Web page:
“[We] have testimonies from various former U.Va. students that are now employed in … sustainability-related roles, as well as some other engagement materials with career opportunities and resources at U.Va. as well as a Buzzfeed-type quiz to figure out what sustainability-related career could be for you based off [of] your interests,” Young said. “I'm really excited to be able to have those conversations with students who don't realize that their major could lead them to a sustainability-related career.”
As the Eco-Fair kicked off at noon, students began by picking up two tickets from the entrance to the fair which they could exchange for treats — including popsicles from La Flor Michoacana — or raffle entries to win different companies’ sustainable products. The main tables at the event circled around South Lawn with student-run booths on one side and local organizations on the other — these booths were partnered with employees from the Office of Sustainability. On the edge of South Lawn stood a diverse showing of the University Facilities Management Fleet’s electric, hybrid and electric-assisted vehicles which were presented by Michael Duffy, transportation operations and fleet manager.
In addition to this display of vehicles, there was a myriad of tables from University programs — including U.Va. Recycling and the ReUse store — and local businesses and operations such as Dogwood Refillery, Black Bear Composting, the Community Climate Collaborative and LEAP where students were able to interact with representatives. The assortment of opportunities and the positive-minded representatives created a fun atmosphere for students to learn more about climate-based and sustainable actions.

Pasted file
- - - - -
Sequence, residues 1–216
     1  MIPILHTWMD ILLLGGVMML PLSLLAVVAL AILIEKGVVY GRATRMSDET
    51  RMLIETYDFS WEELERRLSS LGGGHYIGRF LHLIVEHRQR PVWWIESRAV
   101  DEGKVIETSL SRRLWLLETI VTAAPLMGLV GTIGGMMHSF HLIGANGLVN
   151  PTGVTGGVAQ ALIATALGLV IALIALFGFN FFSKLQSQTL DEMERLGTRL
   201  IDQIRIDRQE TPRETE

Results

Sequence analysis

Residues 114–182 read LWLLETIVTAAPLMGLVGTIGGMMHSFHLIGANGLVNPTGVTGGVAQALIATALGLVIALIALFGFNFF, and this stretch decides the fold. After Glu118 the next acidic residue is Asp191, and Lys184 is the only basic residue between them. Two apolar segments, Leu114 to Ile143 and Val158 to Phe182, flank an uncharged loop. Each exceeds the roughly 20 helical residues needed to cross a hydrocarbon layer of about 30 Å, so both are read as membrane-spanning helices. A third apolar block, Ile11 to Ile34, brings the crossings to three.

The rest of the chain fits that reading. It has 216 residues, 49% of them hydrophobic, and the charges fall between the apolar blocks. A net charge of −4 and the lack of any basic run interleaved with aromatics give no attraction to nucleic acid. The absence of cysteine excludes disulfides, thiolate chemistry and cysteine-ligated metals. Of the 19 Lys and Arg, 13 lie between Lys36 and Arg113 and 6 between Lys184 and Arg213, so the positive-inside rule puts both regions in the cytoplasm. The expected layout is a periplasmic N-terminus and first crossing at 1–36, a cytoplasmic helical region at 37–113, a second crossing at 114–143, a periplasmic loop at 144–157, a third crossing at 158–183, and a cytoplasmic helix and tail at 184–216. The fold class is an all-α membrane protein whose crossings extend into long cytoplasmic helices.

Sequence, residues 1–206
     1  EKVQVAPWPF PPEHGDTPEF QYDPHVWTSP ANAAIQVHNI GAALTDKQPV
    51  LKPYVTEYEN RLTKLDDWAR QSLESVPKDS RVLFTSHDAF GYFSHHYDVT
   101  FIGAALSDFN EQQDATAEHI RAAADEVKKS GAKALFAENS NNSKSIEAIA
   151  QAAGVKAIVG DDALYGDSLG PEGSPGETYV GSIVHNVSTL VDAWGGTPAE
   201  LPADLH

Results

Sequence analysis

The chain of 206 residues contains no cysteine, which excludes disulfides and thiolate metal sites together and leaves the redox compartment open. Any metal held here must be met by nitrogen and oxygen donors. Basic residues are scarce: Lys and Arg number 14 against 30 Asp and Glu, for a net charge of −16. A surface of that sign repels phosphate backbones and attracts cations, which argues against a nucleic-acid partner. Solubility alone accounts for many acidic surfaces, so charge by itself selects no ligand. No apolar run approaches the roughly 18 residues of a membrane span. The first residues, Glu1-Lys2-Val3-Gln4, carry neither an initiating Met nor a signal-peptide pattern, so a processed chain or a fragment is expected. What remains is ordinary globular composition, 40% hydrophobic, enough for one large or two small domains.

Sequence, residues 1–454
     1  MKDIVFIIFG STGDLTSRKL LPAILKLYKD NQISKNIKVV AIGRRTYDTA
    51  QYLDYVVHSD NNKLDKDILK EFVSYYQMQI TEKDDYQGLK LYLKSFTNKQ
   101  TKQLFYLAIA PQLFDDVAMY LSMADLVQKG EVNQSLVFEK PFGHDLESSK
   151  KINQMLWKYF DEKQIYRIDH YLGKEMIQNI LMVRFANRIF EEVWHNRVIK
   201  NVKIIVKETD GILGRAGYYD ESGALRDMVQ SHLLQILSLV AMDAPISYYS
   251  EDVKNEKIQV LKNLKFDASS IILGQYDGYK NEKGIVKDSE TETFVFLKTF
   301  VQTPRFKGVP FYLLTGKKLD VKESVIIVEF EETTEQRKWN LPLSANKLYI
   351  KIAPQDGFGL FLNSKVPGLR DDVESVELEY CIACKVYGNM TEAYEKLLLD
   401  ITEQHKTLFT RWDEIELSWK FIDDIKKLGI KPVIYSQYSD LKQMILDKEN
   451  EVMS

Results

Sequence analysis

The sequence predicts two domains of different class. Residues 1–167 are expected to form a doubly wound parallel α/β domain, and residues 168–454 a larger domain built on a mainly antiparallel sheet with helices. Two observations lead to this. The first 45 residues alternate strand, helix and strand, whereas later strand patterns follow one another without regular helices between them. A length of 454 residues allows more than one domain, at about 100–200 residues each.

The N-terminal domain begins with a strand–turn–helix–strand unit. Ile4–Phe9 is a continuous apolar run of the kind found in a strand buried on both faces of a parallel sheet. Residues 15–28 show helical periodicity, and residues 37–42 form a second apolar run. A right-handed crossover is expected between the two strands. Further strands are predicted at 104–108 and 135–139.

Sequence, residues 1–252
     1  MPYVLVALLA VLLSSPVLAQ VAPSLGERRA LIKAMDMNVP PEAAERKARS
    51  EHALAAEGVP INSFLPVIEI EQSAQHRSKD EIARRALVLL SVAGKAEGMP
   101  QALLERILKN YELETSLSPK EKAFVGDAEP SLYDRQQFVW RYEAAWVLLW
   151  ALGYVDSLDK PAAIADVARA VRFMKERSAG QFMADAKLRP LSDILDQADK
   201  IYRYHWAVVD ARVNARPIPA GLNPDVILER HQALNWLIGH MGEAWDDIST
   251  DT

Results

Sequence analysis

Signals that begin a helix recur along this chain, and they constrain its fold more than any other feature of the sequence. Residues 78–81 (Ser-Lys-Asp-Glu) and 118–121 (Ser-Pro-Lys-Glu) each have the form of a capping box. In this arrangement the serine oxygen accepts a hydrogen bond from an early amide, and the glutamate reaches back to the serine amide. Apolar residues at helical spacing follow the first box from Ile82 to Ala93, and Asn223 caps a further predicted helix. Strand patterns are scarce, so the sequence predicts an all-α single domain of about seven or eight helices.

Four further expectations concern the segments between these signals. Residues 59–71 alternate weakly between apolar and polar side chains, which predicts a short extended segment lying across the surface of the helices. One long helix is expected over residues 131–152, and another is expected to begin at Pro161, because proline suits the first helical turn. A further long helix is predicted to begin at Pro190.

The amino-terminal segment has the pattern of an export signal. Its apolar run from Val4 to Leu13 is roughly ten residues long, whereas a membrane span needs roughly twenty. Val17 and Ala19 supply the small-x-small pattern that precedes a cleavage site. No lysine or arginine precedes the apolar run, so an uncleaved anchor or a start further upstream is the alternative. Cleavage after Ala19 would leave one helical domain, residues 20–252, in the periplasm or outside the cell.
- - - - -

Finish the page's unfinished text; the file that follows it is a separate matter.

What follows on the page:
One table in particular — the Cville Solar Project — had a booth that was making pancakes on solar-powered griddles, turning the heads of student attendees as they walked past. Fourth-year Engineering student Adam O’Neill stressed that the Cville Solar Project is not just about generating solar power, but making renewable energy accessible to the community overall. He further explained that one of the main goals of the CIO is to show people firsthand how alternative energy can work.
“We actually don't have anybody — like any professionals — helping us put this together,” O’Neill said. “We just kind of learned how to do it ourselves [and] it works. And you can put solar anywhere — you can put it on your lawn, you can power your home appliances and it's really not intrusive. Once you see it in action, I think it has an impact.”
Similar to O’Neill’s emphasis on putting sustainable practices into action to prove their attainability, Young iterated how climate change and environmental issues can be daunting to students and anyone who focuses on the overwhelming full picture. When a person is able to take a step back and focus on smaller, independent changes, Young said, sustainable practices become far more reasonable to strive for in a person’s daily lifestyle.